He also once expressed his “craziest ambition,” of being a U.S. Senator someday. Alternately, an investigation conducted when Brady was 26 revealed he had never even voted.
“He has, like many celebrities, mostly just supported blandly safe causes and charities,” admitted the author Will Leitch for NBC, complaining, “that doesn’t make him brave, and there’s certainly a case to be made that he should wield his considerable power and influence differently.”
“Brady has mostly ignored the trend of the athlete-activist, typified by stars like LeBron James or Megan Rapinoe,” Leith grumbled in a common refrain from progressive media outlets.
“Brady’s ability to enter and exit the debate at his choosing, to shield himself from accountability, is the height of white privilege,” wrote columnist Nancy Armour for USA Today in 2021.
“Are you a republican or a democrat?” 60 Minutes interviewer Steve Kroft asked Tom Brady in June of 2005, long before such a question was considered incendiary.
“I’m actually an independent, and I have been for some time,” Brady answered. “There’s no doubt this world needs a lot of help.”
“You gonna run for office some day?” Kroft followed up. “Something you consider?”
“So much of my attention now is focused on playing ball, and I like to do that,” Brady answered. “And if that chance does come up, and I’m still interested in it, I mean it would be something that I think I could do a decent job at. When you think about things you like to do, you think about things that you could be good at, and that’s one thing I think I could be good at.”
“Whether I do it or not, I don’t know,” Brady added, cagily. “Who does?”
“Anything that really scares you?” Kroft asked Brady near the end of the interview. “Anything that intimidates you?”
“The end of my playing career,” answered Brady, all those many years ago. “Big time. Because I guess I’ve done this for so long. And I know what I feel like in the off-season. That I’m always trying to figure out ways to have a day that’s filled with things I like to do.”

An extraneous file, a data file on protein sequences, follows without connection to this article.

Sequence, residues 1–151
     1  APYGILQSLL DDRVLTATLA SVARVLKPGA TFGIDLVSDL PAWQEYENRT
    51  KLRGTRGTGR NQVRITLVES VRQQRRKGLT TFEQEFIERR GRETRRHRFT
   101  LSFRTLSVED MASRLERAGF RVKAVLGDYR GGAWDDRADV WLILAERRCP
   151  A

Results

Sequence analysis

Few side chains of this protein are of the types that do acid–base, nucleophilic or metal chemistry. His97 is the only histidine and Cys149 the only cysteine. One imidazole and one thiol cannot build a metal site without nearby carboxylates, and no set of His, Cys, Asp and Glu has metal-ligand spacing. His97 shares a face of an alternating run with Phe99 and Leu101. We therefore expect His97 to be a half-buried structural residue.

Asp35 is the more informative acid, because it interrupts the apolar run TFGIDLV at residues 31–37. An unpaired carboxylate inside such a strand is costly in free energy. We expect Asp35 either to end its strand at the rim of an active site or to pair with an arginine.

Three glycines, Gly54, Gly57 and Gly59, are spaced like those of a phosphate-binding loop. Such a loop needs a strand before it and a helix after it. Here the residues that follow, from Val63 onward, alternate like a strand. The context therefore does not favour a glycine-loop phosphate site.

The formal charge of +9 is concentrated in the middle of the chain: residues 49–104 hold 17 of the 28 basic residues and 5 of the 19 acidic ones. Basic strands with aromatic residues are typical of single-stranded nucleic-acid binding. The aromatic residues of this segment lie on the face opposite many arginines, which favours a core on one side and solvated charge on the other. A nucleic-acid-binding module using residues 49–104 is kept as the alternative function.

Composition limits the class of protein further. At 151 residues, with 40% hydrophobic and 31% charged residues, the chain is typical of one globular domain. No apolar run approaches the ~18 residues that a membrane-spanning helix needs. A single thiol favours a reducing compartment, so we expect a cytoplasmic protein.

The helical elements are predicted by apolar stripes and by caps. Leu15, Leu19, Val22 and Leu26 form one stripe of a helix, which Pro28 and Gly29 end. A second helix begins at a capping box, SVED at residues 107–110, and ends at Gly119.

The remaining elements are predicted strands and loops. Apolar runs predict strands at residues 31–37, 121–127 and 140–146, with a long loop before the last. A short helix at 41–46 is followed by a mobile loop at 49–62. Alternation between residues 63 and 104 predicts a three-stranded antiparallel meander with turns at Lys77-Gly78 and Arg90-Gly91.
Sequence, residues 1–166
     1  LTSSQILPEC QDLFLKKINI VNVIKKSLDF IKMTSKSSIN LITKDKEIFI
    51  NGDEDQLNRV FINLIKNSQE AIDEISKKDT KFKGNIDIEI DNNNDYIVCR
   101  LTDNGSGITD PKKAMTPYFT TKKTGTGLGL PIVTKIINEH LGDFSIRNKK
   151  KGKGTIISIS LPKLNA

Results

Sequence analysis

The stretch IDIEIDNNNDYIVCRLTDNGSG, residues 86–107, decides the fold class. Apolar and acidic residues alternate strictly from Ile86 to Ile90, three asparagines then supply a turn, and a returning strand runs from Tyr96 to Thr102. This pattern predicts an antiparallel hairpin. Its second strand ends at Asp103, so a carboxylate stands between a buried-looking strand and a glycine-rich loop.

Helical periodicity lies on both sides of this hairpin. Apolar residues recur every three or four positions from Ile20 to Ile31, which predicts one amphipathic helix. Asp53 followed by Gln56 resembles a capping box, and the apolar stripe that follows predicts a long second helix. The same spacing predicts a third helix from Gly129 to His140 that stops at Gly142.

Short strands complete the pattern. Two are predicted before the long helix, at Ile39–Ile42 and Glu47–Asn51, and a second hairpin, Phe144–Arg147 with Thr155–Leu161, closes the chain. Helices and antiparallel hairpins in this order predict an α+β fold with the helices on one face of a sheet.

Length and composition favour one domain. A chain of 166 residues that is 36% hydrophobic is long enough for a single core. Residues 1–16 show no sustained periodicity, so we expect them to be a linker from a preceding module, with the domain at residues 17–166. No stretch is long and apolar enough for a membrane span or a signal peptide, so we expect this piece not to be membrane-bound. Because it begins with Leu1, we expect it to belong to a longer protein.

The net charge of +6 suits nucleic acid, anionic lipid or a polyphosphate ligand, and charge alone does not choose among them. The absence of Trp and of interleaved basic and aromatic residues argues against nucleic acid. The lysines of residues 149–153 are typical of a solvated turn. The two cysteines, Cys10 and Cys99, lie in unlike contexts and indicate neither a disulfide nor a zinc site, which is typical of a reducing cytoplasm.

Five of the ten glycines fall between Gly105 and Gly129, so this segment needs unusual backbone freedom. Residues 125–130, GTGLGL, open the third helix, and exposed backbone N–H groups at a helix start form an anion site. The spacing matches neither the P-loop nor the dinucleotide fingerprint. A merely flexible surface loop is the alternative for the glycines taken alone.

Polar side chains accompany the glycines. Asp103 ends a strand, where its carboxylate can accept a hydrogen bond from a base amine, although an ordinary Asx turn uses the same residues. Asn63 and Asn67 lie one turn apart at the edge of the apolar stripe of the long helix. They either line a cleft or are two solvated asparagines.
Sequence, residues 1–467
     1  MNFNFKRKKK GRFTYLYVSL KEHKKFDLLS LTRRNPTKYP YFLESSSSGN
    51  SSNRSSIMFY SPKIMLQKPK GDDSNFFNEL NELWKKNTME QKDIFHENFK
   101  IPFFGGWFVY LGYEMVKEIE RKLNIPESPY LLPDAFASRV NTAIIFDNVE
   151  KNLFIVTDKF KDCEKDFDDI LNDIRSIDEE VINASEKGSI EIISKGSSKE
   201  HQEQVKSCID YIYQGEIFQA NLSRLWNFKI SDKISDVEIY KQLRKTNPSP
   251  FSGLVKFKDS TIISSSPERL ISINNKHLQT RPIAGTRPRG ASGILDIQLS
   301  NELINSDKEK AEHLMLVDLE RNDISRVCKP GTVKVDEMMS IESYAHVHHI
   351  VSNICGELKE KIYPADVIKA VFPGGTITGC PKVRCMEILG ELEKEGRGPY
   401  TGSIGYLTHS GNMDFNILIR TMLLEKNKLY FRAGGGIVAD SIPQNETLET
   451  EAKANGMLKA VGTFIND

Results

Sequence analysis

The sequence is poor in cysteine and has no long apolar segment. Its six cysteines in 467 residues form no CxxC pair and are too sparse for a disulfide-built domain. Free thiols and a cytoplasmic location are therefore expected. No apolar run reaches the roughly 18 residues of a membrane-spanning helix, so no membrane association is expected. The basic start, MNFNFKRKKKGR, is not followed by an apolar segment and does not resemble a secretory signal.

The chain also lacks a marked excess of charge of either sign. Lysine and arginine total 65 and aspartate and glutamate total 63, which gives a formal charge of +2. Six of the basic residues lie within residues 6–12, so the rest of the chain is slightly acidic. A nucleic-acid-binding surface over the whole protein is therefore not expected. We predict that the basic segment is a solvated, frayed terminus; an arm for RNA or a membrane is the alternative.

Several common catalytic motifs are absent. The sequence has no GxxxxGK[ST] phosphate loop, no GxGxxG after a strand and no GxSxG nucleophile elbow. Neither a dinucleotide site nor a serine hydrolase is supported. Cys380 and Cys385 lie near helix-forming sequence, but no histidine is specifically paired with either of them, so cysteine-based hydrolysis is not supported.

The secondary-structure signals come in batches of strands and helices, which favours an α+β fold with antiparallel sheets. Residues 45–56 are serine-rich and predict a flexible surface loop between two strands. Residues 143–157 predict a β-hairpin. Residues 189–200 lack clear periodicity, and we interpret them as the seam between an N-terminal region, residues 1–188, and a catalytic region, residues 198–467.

“And when I’m playing football during those seven months out of the year, it’s easy,” Brady added. “I mean, I get up and come here. Not that it’s easy to work hard, not that it’s easy to show up every day and do the job, but you’re focused.”
“You got a goal,” Brady continued. “You got something you’re trying to accomplish. And when it’s done, you don’t have 80,000 people screaming your name.”
“I’ve heard a lot about astronauts who go to the moon and come back, and they’re so depressed, because there’s nothing they can do in their lives that ever can fill ’em the way that that does,” Brady fretted.
During this year’s 2022 NFL schedule, the Brady versus Mahomes rematch game is already ranked the number-one must-watch game of the season. And if this does prove Brady’s last season, it’s nothing but blue skies and golden parachutes for the untouchable Tom Brady, as far as the eye can see.
If all else fails, politics, like football, is a full-contact sport.
(contributing writer, Brooke Bell)